By Michael Stewart/@golferbad

The retirement of Giants great Eli Manning might not have come as a surprise for many of us; but once Eli Manning gives his retirement speech on Friday, I think it will really hit home that Giant fans will never watch #10 ever again in a Giants uniform.

Manning’s 16-year career arguably puts him squarely on the top of the list of the greatest offensive player in Giants’ history; perhaps edging out Frank Gifford as the top seed. Manning’s career numbers is definitely Hall of Fame worthy (57,023 yards), (366 touchdowns) and 60.3% completions. Let’s not forget that Manning never missed a game due to an injury and his 210 consecutive starts ranks third all-time behind Philip Rivers and Brett Favre’s.

However; what set Manning apart and what will eventually get him into the Hall of Fame was his performances during the playoffs. Manning had an 8-4 record in playoffs, but a closer look at those 8 wins really tells the story and defines Manning’s legacy in the NFL. Manning went into Lambeau Field twice and beat Brett Favre and Aaron Rodgers to advance to the Super Bowl. Manning beat Tom Brady twice (2-0) on the biggest stage of all in the Super Bowl; with both wins come from behind fashion.

Many Eli Manning non-supporters will argue that his 117-117 career .500 record will tarnish his chances into the Hall of Fame? Keep in mind, how much control did Manning have with the assembling of the roster during his career? For the majority of Manning’s career as a Giant, he had two GM’s; Ernie Accorsi (1998-2006 and Jerry Reese (2007-2017). Ernie Accorsi knew the emphasis of having a solid offensive line in front of Manning, and through his selections of compiling an offensive line the Giants had a 77-51 record. Once Reese inherited the position, his emphasis shifted gears and the importance of having a solid offensive line in front of Manning was not as important as Reese focused more on skilled players throughout his GM tenure with the Giants; which reflected in the Giants record being 39-60 during this time.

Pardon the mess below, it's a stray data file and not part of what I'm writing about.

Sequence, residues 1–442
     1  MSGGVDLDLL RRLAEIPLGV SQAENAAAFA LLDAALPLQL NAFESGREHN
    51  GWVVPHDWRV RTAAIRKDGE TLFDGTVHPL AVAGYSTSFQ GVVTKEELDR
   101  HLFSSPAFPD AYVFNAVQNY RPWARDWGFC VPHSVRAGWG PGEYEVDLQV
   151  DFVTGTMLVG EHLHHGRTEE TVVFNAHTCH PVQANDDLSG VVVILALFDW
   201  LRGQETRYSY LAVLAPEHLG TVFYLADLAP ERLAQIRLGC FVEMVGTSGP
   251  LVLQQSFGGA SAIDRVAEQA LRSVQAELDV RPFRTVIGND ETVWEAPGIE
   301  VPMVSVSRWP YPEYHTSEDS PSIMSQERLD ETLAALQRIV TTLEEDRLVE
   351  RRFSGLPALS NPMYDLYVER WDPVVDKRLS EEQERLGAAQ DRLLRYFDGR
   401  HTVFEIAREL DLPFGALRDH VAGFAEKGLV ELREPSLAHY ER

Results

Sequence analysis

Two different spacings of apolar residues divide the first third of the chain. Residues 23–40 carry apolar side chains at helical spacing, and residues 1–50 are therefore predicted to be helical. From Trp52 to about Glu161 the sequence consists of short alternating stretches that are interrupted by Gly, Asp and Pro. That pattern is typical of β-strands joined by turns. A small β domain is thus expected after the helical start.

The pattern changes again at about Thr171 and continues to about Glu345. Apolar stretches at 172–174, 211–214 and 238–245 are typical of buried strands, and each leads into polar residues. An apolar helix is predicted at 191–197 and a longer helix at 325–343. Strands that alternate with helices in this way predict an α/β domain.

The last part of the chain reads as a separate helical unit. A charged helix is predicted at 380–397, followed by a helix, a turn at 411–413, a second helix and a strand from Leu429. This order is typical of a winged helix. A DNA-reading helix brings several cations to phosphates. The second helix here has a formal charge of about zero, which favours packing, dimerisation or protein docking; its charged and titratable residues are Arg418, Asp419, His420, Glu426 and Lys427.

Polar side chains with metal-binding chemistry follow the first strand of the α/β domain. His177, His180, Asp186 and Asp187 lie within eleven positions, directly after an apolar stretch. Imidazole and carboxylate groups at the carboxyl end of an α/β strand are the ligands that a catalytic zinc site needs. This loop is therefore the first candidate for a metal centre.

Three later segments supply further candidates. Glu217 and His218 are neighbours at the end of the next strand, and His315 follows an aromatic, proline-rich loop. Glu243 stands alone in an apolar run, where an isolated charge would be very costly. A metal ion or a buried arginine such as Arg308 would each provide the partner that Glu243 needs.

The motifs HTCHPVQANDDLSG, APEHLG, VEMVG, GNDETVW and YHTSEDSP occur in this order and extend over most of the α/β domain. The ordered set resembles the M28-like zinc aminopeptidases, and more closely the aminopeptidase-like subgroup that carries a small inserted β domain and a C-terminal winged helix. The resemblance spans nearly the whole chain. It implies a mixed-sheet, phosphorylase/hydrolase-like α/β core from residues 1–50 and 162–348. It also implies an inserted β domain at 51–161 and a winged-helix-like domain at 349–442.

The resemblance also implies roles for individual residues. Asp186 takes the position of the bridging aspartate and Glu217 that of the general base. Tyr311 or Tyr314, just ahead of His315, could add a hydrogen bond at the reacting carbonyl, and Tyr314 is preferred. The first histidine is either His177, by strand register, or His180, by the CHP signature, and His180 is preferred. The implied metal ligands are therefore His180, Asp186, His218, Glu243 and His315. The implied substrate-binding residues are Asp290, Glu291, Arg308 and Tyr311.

Final Thoughts:

For me, the overall record shouldn’t be a factor in determining if a player is Hall of Fame worthy or not as there are many Hall of Famers currently with career losing records. (Most notably Joe Namath and Sonny Jorgensen). Manning is not Peyton or Favre or even any of the current quarterbacks in the league like Brady, Brees or Rodgers. However; that shouldn’t be the reason why many believe he isn’t a Hall of Famer.

Manning will get into the Hall of Fame simply because he performed when it matters the most. Two Super Bowls, Two Super Bowl MVP’s. An 8-4 playoff record and winning games in the toughest settings (Lambeau Field) and beating arguably the greatest team in NFL history twice in the New England Patriots and Tom Brady, who is arguably the greatest quarterback in NFL history. So does Eli Manning belong in the Hall of Fame? For me, he most certainly does.